Perhaps we can find new pathways by turning to the natural and indigenous world for guidance. Can we cock our head like the doe at the meadow’s edge, listening for whether to step boldly into the clearing or melt back into shadow? Sniff the air like coyote, relying on instincts that will guide paws one direction or another? Absorb the mother bear's fierce protectiveness? Maybe we also need a plantlike sensibility: to soften like cottonwood leaves in a puddle, spill juice like blackberries at the end of summer.

What is deep in our DNA that can instruct us? What do we know in our bones, what might our ancestors be whispering? We can’t simply think out way out of the devastation we’ve created. And we can’t depend on old world heroes like Noah orchestrating escape from the Flood for a chosen few.

Sculpture by Carol Gaab Sculpture by Carol Gaab

My eyes are drawn to a clay sculpture mounted on my wall. It reminds me of my dream of the Mother’s earthen lap. A canoe is molded around a woman holding a small animal as tenderly as a human mother would hold her vulnerable child. The animal surrenders its body in absolute trust, folding into her flesh. Their eyes are closed, their heads touch. Perhaps they share a common dream, the nighttime version of a held gaze.

To find a new way, as habitats decline and the seas rise around us, we need maternal tenderness, the dream state, the language of flesh, and especially a shared boat that looks more like a cradle than a battleship. Alone, we are lost. If we travel light, holding each other, the rising tide can lift us from the muddy banks into the current. The river, never lost, always finds its way.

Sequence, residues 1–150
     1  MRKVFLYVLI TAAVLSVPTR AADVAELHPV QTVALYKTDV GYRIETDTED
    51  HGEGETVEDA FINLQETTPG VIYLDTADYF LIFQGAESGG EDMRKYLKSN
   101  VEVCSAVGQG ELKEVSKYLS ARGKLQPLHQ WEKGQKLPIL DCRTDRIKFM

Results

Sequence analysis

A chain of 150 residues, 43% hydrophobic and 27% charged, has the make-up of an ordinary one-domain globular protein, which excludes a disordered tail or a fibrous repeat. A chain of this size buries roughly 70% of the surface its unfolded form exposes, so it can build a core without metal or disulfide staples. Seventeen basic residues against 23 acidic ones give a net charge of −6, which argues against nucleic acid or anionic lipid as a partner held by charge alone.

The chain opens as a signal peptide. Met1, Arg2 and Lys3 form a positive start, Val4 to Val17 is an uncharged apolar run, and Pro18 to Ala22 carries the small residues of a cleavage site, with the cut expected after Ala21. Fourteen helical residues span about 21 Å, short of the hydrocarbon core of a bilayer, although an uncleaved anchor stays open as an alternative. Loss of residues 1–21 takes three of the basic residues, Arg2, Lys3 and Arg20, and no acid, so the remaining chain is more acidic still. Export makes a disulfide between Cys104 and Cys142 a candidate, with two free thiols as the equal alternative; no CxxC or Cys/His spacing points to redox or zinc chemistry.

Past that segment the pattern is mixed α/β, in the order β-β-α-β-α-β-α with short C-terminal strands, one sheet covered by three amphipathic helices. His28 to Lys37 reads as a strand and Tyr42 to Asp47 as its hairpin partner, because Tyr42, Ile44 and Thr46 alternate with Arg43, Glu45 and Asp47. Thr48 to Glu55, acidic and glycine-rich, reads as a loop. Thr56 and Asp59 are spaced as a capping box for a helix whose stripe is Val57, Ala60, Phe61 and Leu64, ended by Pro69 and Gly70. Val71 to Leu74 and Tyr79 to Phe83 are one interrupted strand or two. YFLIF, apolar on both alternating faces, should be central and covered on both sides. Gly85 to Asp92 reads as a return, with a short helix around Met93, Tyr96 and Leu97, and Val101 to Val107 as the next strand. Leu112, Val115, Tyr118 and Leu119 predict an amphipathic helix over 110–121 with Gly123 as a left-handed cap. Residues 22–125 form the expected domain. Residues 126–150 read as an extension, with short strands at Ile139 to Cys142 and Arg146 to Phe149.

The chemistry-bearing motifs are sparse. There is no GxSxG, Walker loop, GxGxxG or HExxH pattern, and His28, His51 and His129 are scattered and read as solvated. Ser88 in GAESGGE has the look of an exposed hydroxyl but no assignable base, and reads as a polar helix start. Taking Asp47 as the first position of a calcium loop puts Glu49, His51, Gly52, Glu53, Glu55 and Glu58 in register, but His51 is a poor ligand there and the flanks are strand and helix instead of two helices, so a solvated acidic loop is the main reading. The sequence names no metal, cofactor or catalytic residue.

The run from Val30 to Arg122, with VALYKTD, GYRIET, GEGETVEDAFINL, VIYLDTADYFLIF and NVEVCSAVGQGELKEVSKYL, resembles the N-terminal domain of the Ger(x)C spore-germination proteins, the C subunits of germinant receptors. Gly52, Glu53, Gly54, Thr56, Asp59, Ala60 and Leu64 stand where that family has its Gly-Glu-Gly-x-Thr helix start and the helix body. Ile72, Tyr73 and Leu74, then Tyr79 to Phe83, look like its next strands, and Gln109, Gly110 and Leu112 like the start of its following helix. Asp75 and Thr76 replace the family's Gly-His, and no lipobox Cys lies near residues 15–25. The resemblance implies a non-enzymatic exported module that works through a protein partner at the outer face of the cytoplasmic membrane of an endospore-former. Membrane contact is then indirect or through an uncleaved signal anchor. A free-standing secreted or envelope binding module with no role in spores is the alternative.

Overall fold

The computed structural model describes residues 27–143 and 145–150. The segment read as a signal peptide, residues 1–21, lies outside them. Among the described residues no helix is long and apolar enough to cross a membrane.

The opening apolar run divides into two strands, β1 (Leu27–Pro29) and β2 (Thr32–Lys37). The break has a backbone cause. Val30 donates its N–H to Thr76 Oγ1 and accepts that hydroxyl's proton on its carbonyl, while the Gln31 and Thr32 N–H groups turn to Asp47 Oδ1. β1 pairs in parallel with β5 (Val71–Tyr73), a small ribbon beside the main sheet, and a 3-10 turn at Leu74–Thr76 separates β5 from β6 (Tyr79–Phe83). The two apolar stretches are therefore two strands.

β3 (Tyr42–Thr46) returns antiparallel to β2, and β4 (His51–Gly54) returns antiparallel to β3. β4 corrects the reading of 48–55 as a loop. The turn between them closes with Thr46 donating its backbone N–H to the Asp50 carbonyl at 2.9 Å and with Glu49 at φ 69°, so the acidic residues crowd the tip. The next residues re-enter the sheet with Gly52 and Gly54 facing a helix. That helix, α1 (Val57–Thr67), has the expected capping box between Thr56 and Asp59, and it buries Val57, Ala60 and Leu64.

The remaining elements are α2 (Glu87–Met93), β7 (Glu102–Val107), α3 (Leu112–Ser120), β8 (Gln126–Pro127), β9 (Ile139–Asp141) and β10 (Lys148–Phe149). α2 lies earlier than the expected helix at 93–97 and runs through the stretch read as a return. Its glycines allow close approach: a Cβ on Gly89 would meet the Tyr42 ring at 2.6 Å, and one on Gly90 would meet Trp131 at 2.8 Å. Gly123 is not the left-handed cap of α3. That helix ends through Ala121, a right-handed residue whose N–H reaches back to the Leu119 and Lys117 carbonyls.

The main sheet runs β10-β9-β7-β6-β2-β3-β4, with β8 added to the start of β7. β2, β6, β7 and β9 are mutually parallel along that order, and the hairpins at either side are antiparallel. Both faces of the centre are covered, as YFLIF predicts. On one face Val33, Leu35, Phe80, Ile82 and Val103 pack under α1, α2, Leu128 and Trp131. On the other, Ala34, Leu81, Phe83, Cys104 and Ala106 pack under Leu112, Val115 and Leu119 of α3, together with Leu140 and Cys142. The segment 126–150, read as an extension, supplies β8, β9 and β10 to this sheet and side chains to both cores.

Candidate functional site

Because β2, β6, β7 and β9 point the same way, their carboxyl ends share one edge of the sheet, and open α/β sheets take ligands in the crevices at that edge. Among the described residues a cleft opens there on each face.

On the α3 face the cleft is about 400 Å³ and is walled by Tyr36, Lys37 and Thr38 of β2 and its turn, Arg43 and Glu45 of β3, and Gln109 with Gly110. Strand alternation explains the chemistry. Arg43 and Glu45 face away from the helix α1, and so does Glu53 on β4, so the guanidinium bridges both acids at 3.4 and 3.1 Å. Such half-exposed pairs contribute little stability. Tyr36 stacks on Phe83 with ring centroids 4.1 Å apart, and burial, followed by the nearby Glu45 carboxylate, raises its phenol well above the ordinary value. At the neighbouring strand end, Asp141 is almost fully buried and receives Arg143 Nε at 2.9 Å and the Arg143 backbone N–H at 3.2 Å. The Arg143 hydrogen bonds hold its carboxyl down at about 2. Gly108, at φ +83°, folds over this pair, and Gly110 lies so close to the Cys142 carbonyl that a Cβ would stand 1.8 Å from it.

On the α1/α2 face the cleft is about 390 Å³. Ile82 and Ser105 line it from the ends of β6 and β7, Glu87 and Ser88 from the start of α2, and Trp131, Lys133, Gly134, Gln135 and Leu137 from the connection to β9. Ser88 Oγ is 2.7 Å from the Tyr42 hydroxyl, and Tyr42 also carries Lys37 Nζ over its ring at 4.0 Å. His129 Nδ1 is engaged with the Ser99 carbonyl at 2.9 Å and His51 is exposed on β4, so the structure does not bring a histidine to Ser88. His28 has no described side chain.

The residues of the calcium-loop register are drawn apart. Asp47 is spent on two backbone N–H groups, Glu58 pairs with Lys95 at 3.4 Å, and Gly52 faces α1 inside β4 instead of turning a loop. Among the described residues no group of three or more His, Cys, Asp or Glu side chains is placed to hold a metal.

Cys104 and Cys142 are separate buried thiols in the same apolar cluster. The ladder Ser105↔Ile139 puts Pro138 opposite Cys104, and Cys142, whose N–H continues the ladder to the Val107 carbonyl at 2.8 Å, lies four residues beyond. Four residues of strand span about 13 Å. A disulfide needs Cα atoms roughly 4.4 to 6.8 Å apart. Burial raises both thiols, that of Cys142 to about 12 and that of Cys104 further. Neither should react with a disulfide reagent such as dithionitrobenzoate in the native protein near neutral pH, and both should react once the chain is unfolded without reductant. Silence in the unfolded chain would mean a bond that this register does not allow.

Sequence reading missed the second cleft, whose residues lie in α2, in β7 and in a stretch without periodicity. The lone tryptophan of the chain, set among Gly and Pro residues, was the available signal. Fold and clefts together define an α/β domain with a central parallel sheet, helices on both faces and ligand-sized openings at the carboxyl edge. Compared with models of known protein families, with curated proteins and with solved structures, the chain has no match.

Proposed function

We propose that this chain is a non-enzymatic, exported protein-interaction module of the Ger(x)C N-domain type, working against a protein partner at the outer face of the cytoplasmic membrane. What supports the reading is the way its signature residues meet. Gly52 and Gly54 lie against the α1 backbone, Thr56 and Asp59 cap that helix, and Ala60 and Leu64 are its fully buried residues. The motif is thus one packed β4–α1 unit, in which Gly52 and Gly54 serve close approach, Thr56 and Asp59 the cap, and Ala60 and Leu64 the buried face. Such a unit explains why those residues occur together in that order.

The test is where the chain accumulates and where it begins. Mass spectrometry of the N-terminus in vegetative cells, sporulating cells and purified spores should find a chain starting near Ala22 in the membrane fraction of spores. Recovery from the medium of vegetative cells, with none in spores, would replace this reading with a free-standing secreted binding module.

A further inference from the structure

Previously published in Kosmos Quarterly

NOTES

I have a fierce love for this earth

Which means I cannot be a bystander

Which means I must not be silent or separate

What we love we will not turn away from

Deena Metzger and I were dipping from the same subterranean well during the period in which she wrote “Extinction Illness” and I wrote “Chama River Revelations.” I didn’t know of her piece yet, but there is an unmistakable mirroring. We both even came up with a cultural diagnosis: hers being Extinction Illness, mine Ongoing Transitional Stress Disorder (OTSD).

Attempting to hold the paradox of beauty and peril, consumed by a heightened sense of anguish and urgency, I was grappling with what seemed the only relevant questions: What can I do in these times? How else can I serve the planet? This query hovered until I was compelled to create my website, Earth Dialogues. Wanting to shed the heavy coat of human centrism and separation, my blog essays are devoted to those who have been left out of the conversation: animals, plants, landscapes, ancestors, the yet to be born.

I believe our shared creative actions are our lifeboats. My website vision comes around full circle.

What we love we will not turn away from

Which means we must not be silent or separate

We cannot be alone in these times

As we fiercely love our world


Earth Dialogues https://www.marilynduhamel.com/


ABOUT THE AUTHOR

Marilyn DuHamel lives at the edge of the wild in the Santa Cruz Mountains. Conversation has been important all her life: with family and friends and with people who are very different from herself. Professionally, she has spent the last decades in deep dialogue with her therapy clients, listening between the words. Increasingly, she tunes her ear to even more elusive communication—with animals, dreams, ancestors, archetypal realms. Light comes in through the cracks in everything, as Leonard Cohen sings. She believes that’s also how our light shines out. She wants to widen those cracks.